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Old And Sold Antiques Digest Article

Lamps And Lighting



Isn't it annoying when a fuse blows! You have to fumble around in the dark looking for the flashlight and go out into the kitchen, or even worse, way down into the basement to put in that new fuse. This task amounts to about the same amount of effort as unscrewing and replacing the cap to a tube of toothpaste. A murmured sigh of satisfaction escapes your lips with the return of the lights and the sound of the radio once again. You flip off the flashlight and mumble something about, "Why doesn't someone invent something so we can avoid this sort of thing!" Blown fuses are annoying even if they only occur occasionally.

But, think how much more annoying was the constant tending required of oil lamps: cleaning, filling, rewicking, picking up the wick, trimming the wick, adjusting the flame, refilling. The total result was flickering light which was often sooty and always evil smelling.

The history of lighting is one of the most fascinating of all the antique-to-modern developments.

The very first lights were from fires. After man had conquered fire he discovered that it was an excellent source of light in those dark hours past sundown, and began a long series of attempts to produce this light for his purposes.

Fire has been the chief kind of light ever since, taking many forms to keep it going from many kinds of oil and animal fat, and including such familiar forms as candles and our present-day light ing of street obstructions with the round, fat little open flame markers lined up around the danger area.

The first actual lamp was little more than a concave stone or a crudely shaped metal vessel to hold meat drippings and a little floating wick.

The Betty lamp was an improved version of the grease lamp and continued in use over a tremendously long time. Starting some time around 6000 b.c., these lamps were used in the same form A.D. 1620 when our country was first being settled. The little cloth wicks merrily burned their feeble lights in countless grease-filled Betty lamps for many generations of Americans, in designs hardly different from those used by the early Romans. There was a patent issued to a Lancaster, Pennsylvania, firm as late as March 13, 1860, for a Betty lamp, which shows that they were probably used into the 1870's.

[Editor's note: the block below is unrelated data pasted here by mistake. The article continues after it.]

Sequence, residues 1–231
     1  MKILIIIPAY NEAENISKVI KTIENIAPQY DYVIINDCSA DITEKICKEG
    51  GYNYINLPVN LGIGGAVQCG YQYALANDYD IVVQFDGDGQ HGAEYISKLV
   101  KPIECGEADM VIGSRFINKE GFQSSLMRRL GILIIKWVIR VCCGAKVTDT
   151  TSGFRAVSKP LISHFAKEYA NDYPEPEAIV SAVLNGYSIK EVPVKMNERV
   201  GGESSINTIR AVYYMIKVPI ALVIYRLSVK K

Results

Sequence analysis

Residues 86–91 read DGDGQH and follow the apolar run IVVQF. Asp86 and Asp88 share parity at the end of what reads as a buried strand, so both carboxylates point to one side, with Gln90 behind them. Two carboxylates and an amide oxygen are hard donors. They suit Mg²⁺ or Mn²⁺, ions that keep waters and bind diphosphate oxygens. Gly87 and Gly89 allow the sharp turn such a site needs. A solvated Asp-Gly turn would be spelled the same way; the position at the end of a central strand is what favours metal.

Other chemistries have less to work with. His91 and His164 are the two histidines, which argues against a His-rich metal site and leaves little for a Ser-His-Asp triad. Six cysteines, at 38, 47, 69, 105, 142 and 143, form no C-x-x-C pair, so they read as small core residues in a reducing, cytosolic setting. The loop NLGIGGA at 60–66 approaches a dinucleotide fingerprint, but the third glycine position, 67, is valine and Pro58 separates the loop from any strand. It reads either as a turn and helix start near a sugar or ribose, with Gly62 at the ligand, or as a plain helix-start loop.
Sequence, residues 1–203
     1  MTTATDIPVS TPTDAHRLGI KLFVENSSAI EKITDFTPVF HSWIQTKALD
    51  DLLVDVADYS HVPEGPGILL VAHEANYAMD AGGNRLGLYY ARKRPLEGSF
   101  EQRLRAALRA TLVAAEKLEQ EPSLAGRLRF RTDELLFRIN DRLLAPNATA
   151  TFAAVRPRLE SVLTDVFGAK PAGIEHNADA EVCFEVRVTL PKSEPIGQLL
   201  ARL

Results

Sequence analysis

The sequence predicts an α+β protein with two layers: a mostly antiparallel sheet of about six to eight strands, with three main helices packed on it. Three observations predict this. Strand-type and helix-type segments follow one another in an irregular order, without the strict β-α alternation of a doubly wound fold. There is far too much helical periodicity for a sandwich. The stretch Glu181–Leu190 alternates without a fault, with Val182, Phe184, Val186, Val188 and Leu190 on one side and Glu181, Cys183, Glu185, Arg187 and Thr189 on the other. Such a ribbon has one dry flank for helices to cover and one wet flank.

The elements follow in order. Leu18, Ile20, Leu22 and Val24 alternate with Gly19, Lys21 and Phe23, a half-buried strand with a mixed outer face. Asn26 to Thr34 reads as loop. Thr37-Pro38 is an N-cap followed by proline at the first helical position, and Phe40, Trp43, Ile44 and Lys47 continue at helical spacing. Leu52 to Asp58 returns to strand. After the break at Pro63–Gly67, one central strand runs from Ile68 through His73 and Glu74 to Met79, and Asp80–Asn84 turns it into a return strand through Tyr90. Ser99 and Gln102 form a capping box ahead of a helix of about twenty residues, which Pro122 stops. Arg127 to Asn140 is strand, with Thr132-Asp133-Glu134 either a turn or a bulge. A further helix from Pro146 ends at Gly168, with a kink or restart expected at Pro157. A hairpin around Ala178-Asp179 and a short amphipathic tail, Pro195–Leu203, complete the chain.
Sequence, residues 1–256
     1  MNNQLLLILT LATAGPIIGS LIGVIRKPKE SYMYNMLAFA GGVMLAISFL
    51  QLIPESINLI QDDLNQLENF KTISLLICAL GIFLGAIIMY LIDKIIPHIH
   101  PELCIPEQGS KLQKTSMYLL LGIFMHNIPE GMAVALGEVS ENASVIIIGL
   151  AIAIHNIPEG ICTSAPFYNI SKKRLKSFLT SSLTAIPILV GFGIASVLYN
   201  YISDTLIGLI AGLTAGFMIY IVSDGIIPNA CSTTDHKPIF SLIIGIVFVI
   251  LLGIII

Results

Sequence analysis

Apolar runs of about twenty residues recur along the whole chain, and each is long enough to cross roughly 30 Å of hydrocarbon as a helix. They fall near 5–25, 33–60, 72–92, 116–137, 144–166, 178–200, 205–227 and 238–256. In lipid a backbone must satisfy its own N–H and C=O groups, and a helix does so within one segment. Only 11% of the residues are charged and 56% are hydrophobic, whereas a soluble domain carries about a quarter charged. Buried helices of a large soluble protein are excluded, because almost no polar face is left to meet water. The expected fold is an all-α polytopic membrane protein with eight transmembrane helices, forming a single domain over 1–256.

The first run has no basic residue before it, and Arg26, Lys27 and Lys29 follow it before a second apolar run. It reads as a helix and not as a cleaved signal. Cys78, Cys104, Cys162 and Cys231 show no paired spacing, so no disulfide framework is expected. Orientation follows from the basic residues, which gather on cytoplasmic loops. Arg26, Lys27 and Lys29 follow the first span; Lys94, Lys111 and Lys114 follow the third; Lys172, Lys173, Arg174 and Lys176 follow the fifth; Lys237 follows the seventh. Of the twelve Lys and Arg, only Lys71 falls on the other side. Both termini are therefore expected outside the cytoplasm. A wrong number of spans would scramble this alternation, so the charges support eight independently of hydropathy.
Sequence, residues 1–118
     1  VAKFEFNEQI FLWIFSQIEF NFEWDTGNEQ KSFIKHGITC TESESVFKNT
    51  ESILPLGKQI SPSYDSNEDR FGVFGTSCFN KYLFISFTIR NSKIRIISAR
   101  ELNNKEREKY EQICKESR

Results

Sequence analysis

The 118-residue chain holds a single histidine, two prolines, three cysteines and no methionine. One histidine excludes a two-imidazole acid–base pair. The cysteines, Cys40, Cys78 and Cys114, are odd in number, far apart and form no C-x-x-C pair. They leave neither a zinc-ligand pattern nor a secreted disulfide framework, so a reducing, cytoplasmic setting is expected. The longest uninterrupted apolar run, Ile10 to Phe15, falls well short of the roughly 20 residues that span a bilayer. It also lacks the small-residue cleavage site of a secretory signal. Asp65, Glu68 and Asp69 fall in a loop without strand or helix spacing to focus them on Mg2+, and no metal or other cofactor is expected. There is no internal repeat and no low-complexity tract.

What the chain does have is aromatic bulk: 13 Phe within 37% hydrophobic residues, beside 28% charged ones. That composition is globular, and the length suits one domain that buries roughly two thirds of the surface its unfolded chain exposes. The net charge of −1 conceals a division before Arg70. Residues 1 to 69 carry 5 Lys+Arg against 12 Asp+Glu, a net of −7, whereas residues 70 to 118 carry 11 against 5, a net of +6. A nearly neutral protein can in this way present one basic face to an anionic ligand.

By far the most widely used fuel for lamps was whale oil. The great whaling industry was flourishing along the coast and whale oil had a less obnoxious odor than the lard which was also burned during the same period.

Made of several materials including tin, iron and pewter, whale-oil lamps may be easily distinguished by their little wick tubes: small round wick tubes for the whale oil in sharp contrast to the broad, flat ones for lard oil.

Similar in shapes were the lamps that burned camphene. This fluid was a product of refined turpentine which was in general use from about 1845 to 1850. Unlike whale or lard oil, camphene was highly explosive, therefore, the wick tubes were made longer to prevent the flame from getting into the oil font. Also, camphene lamps had tight-fitting brass caps attached to the wick tubes by tiny chains; these little caps wefe used to extinguish the lamp because the usual method of blowing out a lamp as for whale oil, was too dangerous with explosive camphene.

Many varied and interestingly collectable shapes can be found in lamps of all these kinds.



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